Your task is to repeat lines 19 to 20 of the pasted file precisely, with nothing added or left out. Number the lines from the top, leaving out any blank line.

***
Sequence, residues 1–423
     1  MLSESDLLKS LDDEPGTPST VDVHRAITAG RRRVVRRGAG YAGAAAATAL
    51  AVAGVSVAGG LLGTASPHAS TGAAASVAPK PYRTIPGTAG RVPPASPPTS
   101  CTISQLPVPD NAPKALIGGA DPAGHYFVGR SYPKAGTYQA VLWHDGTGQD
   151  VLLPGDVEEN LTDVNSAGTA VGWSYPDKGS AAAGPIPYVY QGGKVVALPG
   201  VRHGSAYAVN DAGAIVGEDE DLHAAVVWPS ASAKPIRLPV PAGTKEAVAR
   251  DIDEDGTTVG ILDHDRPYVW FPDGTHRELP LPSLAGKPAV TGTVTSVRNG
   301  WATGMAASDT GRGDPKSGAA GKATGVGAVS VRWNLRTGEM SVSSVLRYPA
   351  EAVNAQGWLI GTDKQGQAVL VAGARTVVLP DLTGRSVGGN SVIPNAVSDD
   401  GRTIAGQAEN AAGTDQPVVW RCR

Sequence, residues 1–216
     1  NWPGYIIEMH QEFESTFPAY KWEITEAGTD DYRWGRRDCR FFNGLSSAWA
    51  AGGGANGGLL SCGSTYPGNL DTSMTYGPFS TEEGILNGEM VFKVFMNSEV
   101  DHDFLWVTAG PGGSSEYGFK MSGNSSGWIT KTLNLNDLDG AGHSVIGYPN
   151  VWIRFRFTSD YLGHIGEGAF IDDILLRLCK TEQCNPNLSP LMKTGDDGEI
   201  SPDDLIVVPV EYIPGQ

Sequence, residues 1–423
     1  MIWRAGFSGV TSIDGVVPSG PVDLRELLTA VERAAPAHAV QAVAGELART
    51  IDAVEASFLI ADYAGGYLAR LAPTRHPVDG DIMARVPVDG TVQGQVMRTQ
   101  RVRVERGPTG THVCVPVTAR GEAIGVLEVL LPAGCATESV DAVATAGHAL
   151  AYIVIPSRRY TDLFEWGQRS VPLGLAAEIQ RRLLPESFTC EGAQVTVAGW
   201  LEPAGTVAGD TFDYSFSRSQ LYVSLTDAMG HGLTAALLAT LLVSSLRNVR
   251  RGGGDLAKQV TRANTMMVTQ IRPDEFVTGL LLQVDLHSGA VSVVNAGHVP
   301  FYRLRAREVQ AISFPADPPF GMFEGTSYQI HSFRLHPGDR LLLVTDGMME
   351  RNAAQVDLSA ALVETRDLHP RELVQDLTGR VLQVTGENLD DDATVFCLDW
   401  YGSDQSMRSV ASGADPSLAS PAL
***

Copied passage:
    51  IDAVEASFLI ADYAGGYLAR LAPTRHPVDG DIMARVPVDG TVQGQVMRTQ
   101  RVRVERGPTG THVCVPVTAR GEAIGVLEVL LPAGCATESV DAVATAGHAL